• Posts by Ronald Novotny
    Of Counsel

    Ronald Novotny has been representing employers in labor and employment matters in federal and state courts and administrative agencies in California since 1981. He has extensive experience involving union and employer unfair ...

In a case of first impression, the California Supreme Court recently decided that an employee cannot sue a payroll company for failing to include the legally required information on the employee’s earnings statements.  The Court held that because a payroll company’s obligations are solely to the employer, an employee cannot claim that they are a third‑party beneficiary of the employer’s contract for payroll services, and cannot maintain a claim for breach of that contract against the payroll provider. (Goonewardene v. ADP, No. S238941, February 7, 2019)

On September 25, 2018, the U.S. Ninth Circuit Court of Appeals held that the claims of potentially hundreds of thousands of Uber drivers for misclassification as independent contractors cannot proceed as a class action.  (O’Connor v. Uber Technologies, Ninth Circuit Case No. 16-15595.)  In this case, the drivers signed arbitration agreements containing class action waivers, which the Ninth Circuit initially refused to enforce based on the state of the law at the time.  However, in light of the U.S. Supreme Court’s decision in Epic Systems (Epic Systems Corp. v. Lewis, ––– U.S. ––––, 138 S.Ct. 1612, 200 L.Ed.2d 889 (2018)) which issued in June, the appellate court held that the waivers must be enforced and that the case cannot proceed as a class action.  The court ordered that the arbitration agreements be enforced so that the arbitrations proceed on an individual basis. 

In a decision issued by the U.S. Ninth Circuit Court of Appeals on September 10, 2018, the court rejected a challenge based on federal preemption grounds to the California Labor Commissioner’s use of the Borello standard for determining independent contractor status. The challenge was made based on the motor carrier provisions of the Federal Aviation and Administration Authorization Act of 1994 (“FAAAA”), 49 U.S.C. § 14501, et seq., which prohibit states from enacting or enforcing laws or regulations that relate to “a price, route or service of a motor carrier . . . with respect to the transportation of property.”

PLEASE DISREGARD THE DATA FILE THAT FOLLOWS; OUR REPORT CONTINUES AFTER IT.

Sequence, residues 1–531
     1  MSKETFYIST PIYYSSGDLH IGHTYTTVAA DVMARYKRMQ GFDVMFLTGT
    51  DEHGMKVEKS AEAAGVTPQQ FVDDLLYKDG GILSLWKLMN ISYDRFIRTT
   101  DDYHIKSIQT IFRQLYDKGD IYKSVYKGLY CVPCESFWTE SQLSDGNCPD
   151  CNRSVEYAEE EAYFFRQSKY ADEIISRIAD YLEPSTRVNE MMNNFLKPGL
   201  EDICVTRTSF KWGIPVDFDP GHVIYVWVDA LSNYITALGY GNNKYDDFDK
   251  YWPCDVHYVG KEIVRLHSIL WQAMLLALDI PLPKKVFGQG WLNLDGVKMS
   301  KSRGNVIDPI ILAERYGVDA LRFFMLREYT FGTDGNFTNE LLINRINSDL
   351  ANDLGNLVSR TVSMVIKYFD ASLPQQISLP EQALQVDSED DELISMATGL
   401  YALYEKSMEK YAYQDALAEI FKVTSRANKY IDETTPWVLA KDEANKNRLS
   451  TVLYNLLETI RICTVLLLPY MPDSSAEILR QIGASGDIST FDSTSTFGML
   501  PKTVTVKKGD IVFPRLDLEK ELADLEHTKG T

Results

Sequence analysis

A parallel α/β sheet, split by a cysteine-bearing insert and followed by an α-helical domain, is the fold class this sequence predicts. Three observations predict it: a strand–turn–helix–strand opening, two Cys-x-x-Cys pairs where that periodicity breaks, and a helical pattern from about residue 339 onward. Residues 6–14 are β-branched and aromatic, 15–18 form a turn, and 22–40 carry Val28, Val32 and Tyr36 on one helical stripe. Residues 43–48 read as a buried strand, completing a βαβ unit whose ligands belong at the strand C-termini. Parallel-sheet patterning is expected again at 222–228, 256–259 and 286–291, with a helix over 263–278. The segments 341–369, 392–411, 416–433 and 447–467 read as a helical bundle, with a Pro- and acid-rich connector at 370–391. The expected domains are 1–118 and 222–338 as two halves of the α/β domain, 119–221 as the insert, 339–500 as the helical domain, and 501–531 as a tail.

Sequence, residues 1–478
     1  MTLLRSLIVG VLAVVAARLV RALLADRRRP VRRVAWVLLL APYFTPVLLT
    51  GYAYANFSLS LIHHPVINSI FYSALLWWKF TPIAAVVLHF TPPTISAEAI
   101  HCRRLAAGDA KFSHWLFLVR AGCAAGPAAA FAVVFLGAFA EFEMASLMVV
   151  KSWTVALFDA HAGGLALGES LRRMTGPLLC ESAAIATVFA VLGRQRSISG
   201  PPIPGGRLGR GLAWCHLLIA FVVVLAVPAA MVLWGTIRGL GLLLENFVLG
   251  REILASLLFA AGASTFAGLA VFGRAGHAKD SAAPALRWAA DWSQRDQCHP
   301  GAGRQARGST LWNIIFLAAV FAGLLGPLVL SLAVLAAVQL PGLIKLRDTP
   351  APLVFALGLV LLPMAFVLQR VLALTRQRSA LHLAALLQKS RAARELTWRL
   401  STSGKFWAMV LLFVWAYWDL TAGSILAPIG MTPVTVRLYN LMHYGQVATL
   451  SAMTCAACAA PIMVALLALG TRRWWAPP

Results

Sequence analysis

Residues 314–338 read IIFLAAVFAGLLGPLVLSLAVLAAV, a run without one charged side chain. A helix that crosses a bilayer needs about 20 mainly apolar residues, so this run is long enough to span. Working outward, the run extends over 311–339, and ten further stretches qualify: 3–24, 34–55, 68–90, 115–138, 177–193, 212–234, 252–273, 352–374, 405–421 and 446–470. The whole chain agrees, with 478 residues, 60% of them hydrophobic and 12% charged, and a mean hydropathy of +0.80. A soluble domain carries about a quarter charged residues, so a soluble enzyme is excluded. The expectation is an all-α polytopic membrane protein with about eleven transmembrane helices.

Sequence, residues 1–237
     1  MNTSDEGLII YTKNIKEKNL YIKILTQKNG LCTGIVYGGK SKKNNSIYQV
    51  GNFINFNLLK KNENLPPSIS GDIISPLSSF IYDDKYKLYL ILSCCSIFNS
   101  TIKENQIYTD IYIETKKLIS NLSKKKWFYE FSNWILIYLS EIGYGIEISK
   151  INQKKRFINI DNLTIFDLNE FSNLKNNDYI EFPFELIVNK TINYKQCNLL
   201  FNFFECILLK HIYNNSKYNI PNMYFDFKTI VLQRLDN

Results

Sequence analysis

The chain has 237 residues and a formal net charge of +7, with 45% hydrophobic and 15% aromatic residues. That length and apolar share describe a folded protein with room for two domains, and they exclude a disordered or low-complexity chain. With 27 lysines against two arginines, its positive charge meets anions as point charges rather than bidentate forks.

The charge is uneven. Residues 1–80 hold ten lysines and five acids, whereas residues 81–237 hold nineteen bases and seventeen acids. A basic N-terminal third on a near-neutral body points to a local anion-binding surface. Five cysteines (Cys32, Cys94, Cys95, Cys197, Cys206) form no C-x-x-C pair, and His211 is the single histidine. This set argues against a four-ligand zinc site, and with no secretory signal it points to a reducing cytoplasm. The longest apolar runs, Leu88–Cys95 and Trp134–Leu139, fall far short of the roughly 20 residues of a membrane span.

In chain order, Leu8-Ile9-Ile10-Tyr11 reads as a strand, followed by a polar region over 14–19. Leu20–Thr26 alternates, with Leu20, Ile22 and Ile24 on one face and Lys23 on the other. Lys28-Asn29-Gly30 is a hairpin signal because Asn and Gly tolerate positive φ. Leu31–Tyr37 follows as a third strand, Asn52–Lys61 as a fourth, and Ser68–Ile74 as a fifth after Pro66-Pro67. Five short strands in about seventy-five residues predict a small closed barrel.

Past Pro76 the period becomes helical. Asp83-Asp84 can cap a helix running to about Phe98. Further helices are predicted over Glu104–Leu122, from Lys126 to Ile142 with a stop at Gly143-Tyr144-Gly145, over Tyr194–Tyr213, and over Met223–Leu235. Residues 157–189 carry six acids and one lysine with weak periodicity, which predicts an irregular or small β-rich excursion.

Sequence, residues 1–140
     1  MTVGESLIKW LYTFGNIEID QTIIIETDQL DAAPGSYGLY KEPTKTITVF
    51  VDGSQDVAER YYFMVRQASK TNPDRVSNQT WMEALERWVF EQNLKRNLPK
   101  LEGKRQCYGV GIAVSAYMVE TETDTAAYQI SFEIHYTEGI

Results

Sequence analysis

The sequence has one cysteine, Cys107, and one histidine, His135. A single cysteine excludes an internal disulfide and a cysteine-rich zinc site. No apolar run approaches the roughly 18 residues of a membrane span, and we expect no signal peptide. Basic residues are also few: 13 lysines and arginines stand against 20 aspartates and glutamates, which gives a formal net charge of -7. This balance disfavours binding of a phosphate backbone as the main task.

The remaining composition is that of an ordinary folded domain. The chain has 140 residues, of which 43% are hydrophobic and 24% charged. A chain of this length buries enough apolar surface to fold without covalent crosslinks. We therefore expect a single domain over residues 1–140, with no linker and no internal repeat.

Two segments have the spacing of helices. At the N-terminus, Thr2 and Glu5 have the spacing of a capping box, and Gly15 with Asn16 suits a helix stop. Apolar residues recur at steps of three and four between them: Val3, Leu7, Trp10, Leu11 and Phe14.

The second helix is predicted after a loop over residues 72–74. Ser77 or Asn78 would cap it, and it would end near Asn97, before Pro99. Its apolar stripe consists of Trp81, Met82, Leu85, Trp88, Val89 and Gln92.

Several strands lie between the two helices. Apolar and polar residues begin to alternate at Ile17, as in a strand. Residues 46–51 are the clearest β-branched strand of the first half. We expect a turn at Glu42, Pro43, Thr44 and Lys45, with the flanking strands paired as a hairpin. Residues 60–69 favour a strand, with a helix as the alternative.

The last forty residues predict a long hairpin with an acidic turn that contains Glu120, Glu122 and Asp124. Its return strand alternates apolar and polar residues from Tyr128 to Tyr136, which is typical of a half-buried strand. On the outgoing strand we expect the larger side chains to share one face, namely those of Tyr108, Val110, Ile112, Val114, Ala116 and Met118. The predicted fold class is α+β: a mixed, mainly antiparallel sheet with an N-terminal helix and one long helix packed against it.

What kinds of provisions in arbitration agreements will cause the courts to invalidate them?  The Court of Appeal in the recent case of Baxter v. Genworth North America Corporation analyzed and rejected several of them, in upholding the denial of a motion to compel arbitration of an employee’s wrongful termination and discrimination claims.  Baxter v. Genworth North America (October 26, 2017 ...

When can an employer be liable for failing to prevent a sexual assault or rape of an employee?  The California Court of Appeal in the recent case of M.F. v. Pacific Pearl Hotel Management, LLC (D070150, FOURTH APPELLATE DISTRICT, DIVISION ONE, 10/26/17), helped provide some answers to this question.

The plaintiff in the case worked as a housekeeper in a five-building hotel property.  One morning, the hotel’s ...

One problem that employers frequently confront when seeking to compel arbitration of employee claims is the employee’s failure to have signed the arbitration agreement.  In the recent case of Harris v. TAP Worldwide, LLC, however, a California appellate court held that this is not an impediment to the enforcement of such an agreement when the employer takes measures to verify that the employee has received ...

The state and federal courts in California continue to closely scrutinize employment arbitration agreements even though they remain a favored means of resolving disputes.  This was evident in the recent case of Ashbey v. Archstone Property Management, in which the U.S. Court of Appeals for the Ninth Circuit held that an employee effectively waived his right to a judicial forum for his Title VII claim and ...

On September 2, 2014, a California appellate court upheld an order requiring a college math professor to undergo a “fitness for duty examination” (“FFD”) based on behavior that his colleagues considered erratic and threatening in nature.  The court also rebuffed the efforts of the professor’s attorneys to interject themselves into the workplace dispute by placing conditions on the FFD.  The ...

On July 14, 2014, the California Supreme Court ruled that commission payments made in one pay period may not be used in another pay period to satisfy minimum payment requirements under the California commissioned employee exemption. Peabody v. Time Warner Cable, Inc. (California Supreme Court).

On July 21, 2014, a California appellate court ordered a real estate agent of a brokerage firm to arbitrate his claim that he was improperly classified as an independent contractor and not an employee.  Galen v. Redfin Corporation. The court held that the Scott Galen’s claims for unpaid overtime, missed meal and rest periods, inaccurate and untimely wage statements, waiting time penalties, and ...

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